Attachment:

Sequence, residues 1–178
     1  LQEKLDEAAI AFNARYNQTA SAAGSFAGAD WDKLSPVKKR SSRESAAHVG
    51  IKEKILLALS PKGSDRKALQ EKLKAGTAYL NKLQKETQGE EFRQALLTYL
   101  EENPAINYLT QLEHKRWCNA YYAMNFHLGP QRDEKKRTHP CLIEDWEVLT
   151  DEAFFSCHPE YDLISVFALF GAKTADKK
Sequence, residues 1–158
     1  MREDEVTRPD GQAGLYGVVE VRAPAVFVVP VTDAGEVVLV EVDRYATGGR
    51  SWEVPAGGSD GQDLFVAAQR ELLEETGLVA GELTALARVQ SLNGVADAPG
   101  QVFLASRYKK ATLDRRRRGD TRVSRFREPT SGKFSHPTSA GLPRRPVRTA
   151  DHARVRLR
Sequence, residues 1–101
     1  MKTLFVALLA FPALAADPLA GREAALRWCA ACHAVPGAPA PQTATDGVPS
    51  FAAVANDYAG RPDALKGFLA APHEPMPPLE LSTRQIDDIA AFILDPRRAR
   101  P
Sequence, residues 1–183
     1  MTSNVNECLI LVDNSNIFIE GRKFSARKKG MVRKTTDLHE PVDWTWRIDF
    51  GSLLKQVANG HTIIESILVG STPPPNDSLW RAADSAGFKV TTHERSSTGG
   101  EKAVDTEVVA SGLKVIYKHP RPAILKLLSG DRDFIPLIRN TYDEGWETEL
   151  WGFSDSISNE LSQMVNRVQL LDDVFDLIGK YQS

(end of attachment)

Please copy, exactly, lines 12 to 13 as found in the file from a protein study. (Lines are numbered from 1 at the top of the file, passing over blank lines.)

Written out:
     1  MKTLFVALLA FPALAADPLA GREAALRWCA ACHAVPGAPA PQTATDGVPS
    51  FAAVANDYAG RPDALKGFLA APHEPMPPLE LSTRQIDDIA AFILDPRRAR